And into the underground tunnel to the larger building.
Now this is beautiful...but with my flash, it eliminated all the colours...as the tunnel is back-lighted with nice coloured LED lights.
Here I took the flash off and attempted to hold the very long shutter speed. I failed as I knew I would..but it will give you an idea of what the tunnel looked like.
Just outside of the tunnel under the larger building, there was a 20 minute video on Firefighting, in 4D. Perfect as I was slated to go to the Planetarium at noon, and then the Imax for 1. I didn't take any photos inside the theater, but this used to be the old IMAX theater location when Last I was here. Now, the theater has these force seats that move via hydraulic power. Not only that, wind, smoke, and even water is sprayed in your face during the video. The water took me completely by surprise...which explains why the 3D glasses handed out were so big. Here is a photo looking from the entrance of the theater back to the exit/entrance of the tunnel.
After that, I had only 10 minutes to go back to the first building to sit in the Planetarium. Now we were told that flashes were not allowed, etc...so I didn't take any photos. However, this was absolutely stunning. The show today was on the Aurora Borealis, and we sat in comfortable chairs that had backs at a 45 degree angle. Thus you sat down and looked up at the half dome. It was amazing, and I felt like I was travelling through space. After the informative and beautiful video, the speaker walked us through a few star constellations, etc. Well worth the 45 minutes it took in all. Very enjoyable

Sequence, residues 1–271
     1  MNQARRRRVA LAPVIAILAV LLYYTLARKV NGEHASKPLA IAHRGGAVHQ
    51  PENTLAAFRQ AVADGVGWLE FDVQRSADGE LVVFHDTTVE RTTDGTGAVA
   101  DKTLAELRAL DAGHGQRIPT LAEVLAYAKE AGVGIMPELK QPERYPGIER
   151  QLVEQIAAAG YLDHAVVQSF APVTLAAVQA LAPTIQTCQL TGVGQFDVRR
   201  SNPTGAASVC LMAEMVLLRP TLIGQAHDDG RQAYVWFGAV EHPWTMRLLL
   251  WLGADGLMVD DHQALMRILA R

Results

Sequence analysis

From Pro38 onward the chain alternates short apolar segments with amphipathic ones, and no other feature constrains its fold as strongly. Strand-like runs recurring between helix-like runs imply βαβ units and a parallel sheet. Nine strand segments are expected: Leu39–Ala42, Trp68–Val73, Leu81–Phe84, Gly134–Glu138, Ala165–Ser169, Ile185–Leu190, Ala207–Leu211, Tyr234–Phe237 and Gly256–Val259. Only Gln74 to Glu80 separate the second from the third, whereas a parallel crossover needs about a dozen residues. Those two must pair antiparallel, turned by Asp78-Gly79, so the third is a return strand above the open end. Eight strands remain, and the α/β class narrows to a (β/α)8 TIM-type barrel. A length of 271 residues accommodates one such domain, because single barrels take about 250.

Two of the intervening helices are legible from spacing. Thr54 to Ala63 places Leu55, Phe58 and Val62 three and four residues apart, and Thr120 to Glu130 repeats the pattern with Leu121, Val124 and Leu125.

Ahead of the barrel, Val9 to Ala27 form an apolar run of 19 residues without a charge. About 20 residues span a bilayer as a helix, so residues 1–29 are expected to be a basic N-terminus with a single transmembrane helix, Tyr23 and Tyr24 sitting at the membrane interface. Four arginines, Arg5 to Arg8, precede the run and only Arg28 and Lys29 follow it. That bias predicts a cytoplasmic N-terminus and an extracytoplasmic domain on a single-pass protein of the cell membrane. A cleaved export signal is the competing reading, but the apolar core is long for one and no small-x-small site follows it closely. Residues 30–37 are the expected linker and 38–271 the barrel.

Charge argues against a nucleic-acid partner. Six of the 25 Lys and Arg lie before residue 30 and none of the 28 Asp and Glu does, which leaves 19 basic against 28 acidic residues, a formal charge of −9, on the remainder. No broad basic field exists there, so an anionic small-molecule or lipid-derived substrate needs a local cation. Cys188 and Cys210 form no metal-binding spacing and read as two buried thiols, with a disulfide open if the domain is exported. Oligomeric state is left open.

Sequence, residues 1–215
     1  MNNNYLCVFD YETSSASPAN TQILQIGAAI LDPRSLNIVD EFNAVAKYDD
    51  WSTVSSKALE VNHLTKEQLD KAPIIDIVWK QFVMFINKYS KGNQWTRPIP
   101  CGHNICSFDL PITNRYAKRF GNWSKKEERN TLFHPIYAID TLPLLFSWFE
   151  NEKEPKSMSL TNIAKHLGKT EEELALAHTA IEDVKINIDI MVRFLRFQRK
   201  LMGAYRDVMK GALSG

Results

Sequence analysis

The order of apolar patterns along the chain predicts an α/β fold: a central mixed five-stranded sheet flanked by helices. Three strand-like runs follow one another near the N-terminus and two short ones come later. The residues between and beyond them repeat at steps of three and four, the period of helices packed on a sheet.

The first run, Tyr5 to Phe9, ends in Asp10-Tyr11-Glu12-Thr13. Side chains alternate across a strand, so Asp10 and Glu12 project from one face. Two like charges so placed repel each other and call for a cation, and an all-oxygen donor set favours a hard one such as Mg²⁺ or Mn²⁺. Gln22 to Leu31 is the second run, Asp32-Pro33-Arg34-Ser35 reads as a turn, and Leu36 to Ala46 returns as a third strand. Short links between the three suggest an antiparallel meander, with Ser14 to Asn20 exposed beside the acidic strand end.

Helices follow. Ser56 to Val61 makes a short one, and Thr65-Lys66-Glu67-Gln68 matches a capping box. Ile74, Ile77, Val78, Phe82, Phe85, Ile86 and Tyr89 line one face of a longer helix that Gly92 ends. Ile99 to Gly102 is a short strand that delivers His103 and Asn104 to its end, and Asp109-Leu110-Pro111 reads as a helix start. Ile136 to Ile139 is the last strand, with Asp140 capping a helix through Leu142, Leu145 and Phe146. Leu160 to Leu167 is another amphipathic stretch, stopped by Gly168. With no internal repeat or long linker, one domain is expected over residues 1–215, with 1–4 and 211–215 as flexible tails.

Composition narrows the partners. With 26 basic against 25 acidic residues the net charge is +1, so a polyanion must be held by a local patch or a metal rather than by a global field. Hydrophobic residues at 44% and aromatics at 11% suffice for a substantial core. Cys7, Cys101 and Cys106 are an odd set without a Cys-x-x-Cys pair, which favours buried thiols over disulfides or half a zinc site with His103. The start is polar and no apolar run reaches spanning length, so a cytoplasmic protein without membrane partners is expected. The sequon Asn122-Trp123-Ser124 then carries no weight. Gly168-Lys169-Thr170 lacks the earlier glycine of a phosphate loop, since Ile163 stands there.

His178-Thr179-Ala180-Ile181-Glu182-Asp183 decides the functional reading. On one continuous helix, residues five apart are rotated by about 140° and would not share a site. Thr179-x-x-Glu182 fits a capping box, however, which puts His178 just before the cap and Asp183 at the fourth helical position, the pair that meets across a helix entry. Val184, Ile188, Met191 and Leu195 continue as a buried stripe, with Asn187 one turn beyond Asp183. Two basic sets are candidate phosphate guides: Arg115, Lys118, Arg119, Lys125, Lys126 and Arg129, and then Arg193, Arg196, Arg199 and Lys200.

Then I sat down to drink something and wait the 15 minutes to enter the IMAX theater on Pandas. This took another 45 minutes...thus I found myself at almost 2 and not having done much other than see show after show. My original plan was to leave at around 2 for the Sault...but that was quickly out the door.
Going back through the hall and into the tunnel, and just past the Firefighting show in 4D, here is the start of the ramp up to the various floors in the larger snowflake building.